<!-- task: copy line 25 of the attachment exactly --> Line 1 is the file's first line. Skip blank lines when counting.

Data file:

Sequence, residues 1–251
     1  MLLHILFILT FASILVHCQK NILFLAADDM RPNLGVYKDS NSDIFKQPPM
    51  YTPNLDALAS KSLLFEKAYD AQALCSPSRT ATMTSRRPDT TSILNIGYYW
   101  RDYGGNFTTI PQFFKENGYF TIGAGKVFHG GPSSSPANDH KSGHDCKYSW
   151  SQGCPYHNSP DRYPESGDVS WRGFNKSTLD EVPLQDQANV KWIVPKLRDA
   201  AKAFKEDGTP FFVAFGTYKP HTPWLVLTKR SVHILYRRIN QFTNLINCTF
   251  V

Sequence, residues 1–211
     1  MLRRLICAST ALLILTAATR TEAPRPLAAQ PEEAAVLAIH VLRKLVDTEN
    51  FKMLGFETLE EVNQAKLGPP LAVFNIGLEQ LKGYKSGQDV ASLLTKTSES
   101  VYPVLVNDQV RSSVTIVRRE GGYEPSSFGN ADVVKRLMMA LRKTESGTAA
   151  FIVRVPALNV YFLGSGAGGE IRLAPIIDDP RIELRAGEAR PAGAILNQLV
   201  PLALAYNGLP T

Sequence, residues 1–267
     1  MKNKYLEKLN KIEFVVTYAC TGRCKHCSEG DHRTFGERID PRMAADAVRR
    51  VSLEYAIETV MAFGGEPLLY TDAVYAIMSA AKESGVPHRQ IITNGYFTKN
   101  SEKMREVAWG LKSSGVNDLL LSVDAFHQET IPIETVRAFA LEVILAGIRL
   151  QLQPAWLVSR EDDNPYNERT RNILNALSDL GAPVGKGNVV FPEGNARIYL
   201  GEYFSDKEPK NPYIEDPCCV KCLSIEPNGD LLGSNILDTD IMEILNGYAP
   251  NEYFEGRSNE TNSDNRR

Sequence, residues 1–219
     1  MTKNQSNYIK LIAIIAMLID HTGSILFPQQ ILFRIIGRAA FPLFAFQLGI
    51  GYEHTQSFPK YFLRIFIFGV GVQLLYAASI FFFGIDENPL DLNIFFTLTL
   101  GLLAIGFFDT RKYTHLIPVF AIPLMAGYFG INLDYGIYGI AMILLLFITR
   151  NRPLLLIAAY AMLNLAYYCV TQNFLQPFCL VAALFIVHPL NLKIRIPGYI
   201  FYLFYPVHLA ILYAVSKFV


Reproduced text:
   151  NRPLLLIAAY AMLNLAYYCV TQNFLQPFCL VAALFIVHPL NLKIRIPGYI